These are information boards located at the viewpoint outside Jagger Museum.
This is the seismographic plot of the big
earthquake we had on October 15.  As you
might expect, Kilauea is littered with
seismographic sensors.
Kilauea Iki Crater
where the rainbow ended
Ho'okena (hoh-oh-kena) Beach.  We swam
with dolphins just off the coast there (
page 18).
 Be careful!  Notice the rocks along the shore.
A good shot of Ray.
Getting a big smooch from Robin.
Sun's almost down.  The rocks in the
foreground at the remains of a pier
Photos 2, page 19
October 19-23, 2006
My Sister Leane's Visit
Thursday, October 19, 2006
Day 1, Airport to Hot Pond
Robin and I met Leane at the Hilo Airport at 1:00 on Thursday.  Leane was pretty burnt out, having flown from China to
Honolulu, then spending 3 hours at Honolulu Airport waiting for her flight to Hilo.  There was really only one thing to do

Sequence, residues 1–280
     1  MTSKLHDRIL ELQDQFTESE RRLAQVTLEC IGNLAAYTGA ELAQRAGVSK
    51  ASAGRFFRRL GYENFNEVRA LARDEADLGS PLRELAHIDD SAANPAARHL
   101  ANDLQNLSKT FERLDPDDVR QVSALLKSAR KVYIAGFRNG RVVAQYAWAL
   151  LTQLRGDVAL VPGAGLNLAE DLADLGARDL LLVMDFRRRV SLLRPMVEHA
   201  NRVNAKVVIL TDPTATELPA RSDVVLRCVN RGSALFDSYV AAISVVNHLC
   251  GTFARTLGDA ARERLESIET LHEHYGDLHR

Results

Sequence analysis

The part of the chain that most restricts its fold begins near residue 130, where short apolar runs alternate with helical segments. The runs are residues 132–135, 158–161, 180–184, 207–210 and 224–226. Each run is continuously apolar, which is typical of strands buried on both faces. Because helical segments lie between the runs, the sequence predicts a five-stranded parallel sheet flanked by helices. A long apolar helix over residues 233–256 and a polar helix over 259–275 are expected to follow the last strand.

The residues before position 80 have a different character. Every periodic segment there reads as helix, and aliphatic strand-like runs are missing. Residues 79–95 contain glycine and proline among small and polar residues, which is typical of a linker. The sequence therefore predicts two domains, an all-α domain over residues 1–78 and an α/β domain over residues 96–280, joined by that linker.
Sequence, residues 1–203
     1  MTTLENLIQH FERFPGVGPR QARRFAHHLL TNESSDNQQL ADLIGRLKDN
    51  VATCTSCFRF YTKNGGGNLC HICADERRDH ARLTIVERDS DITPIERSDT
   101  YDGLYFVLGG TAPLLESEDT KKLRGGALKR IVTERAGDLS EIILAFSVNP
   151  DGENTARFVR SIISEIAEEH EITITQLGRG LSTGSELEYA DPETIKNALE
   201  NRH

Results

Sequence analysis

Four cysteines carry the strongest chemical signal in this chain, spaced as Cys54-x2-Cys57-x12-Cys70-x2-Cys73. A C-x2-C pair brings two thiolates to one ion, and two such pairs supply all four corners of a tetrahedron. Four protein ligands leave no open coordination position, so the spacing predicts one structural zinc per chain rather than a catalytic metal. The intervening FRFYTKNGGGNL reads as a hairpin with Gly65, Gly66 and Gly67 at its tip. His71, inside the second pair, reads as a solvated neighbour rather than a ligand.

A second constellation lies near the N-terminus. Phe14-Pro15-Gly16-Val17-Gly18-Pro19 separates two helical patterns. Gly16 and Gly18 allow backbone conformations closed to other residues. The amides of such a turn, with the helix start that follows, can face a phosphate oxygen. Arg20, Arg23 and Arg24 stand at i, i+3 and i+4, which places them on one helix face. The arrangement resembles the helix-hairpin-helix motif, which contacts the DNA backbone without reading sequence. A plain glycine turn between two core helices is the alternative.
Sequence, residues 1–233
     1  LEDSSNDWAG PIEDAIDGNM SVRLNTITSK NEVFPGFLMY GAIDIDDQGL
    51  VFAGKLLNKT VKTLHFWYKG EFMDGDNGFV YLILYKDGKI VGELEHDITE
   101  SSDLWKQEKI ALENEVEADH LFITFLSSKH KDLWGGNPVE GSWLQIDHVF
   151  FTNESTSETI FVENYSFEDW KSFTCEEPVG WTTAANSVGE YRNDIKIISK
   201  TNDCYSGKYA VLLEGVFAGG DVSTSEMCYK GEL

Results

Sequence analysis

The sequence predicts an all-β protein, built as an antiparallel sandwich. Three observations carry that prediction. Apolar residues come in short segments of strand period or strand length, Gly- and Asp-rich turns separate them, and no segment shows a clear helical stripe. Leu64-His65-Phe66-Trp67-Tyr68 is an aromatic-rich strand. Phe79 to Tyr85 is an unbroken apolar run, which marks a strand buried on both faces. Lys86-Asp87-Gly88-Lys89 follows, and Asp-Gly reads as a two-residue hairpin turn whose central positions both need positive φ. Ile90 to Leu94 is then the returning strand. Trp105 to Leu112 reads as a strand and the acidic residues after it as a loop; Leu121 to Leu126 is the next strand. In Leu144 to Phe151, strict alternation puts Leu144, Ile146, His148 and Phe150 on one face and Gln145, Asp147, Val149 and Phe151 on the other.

with her and that was to take her to the
Hot Pond to soak.  We soaked for a couple of hours then brought her home
where she could get a shower and a change of clothes.  Then we went out to eat, brought her home, and put her to bed.
Friday, October 20, 2006
Day 2, Kilauea, Hookena Beach, Ray's House
April 9; page 30, July 8) for breakfast.  The crater was completely fogged in and you couldn't see a thing but we enjoyed
our buffet breakfast and then took
Crater Rim Drive around to the Jagger Museum.  While we were there, the fog
blew away and we had an excellent view of
Halema'uma'u Crater.  We drove around to the viewing point, then
proceeded on to the
Kilauea Iki Crater.  After that, we headed over to the Ho'okena Beach Park where Ray and
Ellen and family and mutual friends were having a barbecue.
Halema'uma'u Crater as seen from
Jagger Museum
This is a look at where I hiked on October 9 (pages 40-41).  On the left is the ridge of rocks where I turned from the
Byron Ledge Trail to the Halema'uma'u Trail.  You can also see Volcano House on the ridge.  I came down the ridge
in the right photograph, just to the left of the landslide area and right of the cinder cone.
You can easily see the trail